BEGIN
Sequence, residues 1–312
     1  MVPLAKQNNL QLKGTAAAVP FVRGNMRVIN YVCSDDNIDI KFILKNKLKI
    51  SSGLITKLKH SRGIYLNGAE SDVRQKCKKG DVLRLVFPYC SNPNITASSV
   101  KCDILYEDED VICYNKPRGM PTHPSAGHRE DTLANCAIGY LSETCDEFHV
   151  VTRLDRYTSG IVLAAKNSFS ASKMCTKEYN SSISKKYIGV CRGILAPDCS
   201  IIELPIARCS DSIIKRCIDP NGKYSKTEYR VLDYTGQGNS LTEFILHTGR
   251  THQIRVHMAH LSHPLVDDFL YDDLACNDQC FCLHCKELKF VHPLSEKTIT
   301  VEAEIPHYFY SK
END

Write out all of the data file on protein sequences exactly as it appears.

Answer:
Sequence, residues 1–312
     1  MVPLAKQNNL QLKGTAAAVP FVRGNMRVIN YVCSDDNIDI KFILKNKLKI
    51  SSGLITKLKH SRGIYLNGAE SDVRQKCKKG DVLRLVFPYC SNPNITASSV
   101  KCDILYEDED VICYNKPRGM PTHPSAGHRE DTLANCAIGY LSETCDEFHV
   151  VTRLDRYTSG IVLAAKNSFS ASKMCTKEYN SSISKKYIGV CRGILAPDCS
   201  IIELPIARCS DSIIKRCIDP NGKYSKTEYR VLDYTGQGNS LTEFILHTGR
   251  THQIRVHMAH LSHPLVDDFL YDDLACNDQC FCLHCKELKF VHPLSEKTIT
   301  VEAEIPHYFY SK